So, I am proud of her.  I want to go on record and mark that good. It’s SO good.  Reading is power.  No  matter who or what, thats the bottom line.  Reading opens up your world.  It empowers, excites, helps.  It’s huge.

So what’s next? I don’t know. {Yes, I do: more laundry and cooking and reading!}  But I do know I promptly got on Amazon and ordered all the copies (used, this is an old series) of the Scholastic First Biographies I could find.  I’m excited. I’m marking the good with a big shout out.  It’s an” Eyes Open to Read!”

Conference, day two

So here I am at lunch, day two (and final) of this conference. I guess I’m doing wht they call “live blogging”…..yeah thats right, I’m just hip like that!

Another great morning. I have missed running into a new friend (Elaine, where are you?) but have a good seat and the talks have been very good, meaty, much to digest. Additionally, we’ve heard two personal stories from extra guest speakers: moms who have been “through the fire,” so to speak. One of them was the great fav blogger pal of mine, Lisa Qualls (from the “one thankful mom” blog, a minimum daily requirement blog for me). No surprise, she gave a moving talk; brought numerous folks to tears…inspired. Another speaker was a gal named Debbie (I’m sorry I can’t remember her last name at this second) and her story also was just inspirational. And all too close to home for me…not in all ways, but, the ones that count. Yeah, blinking away in my seat again.

The other talks this morning laid the groundwork for the afternoon sessions: talking about sensory processing deficits and integration, the effects of history of brain development and so on. This afternoon is about addressing behaviors arising from some of these issues and finding ways to heal and connect. Of course, because thats what this conference is all about.

And i am grateful to be here. I’m getting close to maximum saturation myself…fantasizing a bit about a double espresso and some good chocolate to perk me up. ( I know, supposed to pound the water instead….what can I say, old dog, not many new tricks, etc etc…). But I’m gonna take notes in these afternoon sessions….I know they will be helpful. And they are, not only for my kids who have difficult needs or backgrounds…but really so much of this is good for all of my kids. Each and every one. And can I use reminders, refreshers, and new ideas? Oh. Yeah. Absolutely. Every single day.

So, heading back in. I have met some really nice people- Jamey of Zehlalum family! Lisa! Buttercup from Farmboy and buttercup (old virtual pals,that one, very nice to connect in person!)….and tho I still feel like my usual doofy self, I do love meeting these gals…a great treat! So, this afternoon if any of you are here or reading this, come say hi! I’m still the old gray mom, looking desperate for more caffeine and maybe some M&M’s…..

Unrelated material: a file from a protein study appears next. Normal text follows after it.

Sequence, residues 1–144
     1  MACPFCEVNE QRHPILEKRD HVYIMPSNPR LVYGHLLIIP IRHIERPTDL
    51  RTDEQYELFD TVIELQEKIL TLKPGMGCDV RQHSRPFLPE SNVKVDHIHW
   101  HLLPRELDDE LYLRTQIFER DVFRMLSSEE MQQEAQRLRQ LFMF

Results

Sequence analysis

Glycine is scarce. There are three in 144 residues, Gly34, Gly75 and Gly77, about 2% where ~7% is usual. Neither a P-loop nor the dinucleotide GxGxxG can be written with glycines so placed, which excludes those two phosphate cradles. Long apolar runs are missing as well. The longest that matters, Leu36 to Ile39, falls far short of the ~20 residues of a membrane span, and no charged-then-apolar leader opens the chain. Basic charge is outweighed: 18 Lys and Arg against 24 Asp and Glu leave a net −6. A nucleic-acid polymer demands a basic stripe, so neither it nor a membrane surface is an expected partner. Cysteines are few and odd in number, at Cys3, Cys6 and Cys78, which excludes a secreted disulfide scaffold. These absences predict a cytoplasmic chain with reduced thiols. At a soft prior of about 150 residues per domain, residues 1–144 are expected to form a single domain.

Connections and conferences – great buoys in the adoptive life.

Be there or be square…

This is where I’m gonna be this Friday and Saturday! I missed it last year, simply due to swamped parenting and sitter snafus.  But this year, Coffedoc has stepped up to the plate to be in place, so I can be free to attend.  Yay, and thank you Tom!

ETC Conference in Nashville, TN (Sept. 23-24, 2011) from Tapestry on Vimeo.

So, if you think you might be interested, go! Dr. Purvis is terrific, I learn something new every time I listen to her or read her work.  If you are going, look for me and say hello…I’ll be the frumpy old gray haired mom, holding a big cup of coffee throughout.  I’m excited to go and connect, with new ideas and new and old friends.  I’m excited to go and be reminded of basics that I keep forgetting as I muddle through the trenches.  I’m glad to go and be reminded that I’m not alone on this road.  Because when you are parenting kids from hard places, kids with different needs, those adopted as older children…..those connections, they mean so much. And those connections have helped me more times than I can say.  Adoption isn’t for sissies.  Heck, parenting isn’t for sissies….this conference is a great resource.

See you there!

Bank Deposits, kid version

So, this is in many ways an oldie but a goodie….this concept of banking with your kids.

No, I’m not talking about the allowance or financial planning; coins and greenbacks.  I’m talking, rather, about the most important kind of banking: the Bank of Our Children.  What I mean is this, an old parenting nugget is to make sure you make “deposits” in  your child’s bank account of affection, daily.  Sounds simple, no? Simplistic even.  That very aspect, so basic, doh, makes this an easy nugget to drop or brush off. It’s easy to nod in agreement and then blithely trip along on our daily treadmill.

But that would be a mistake.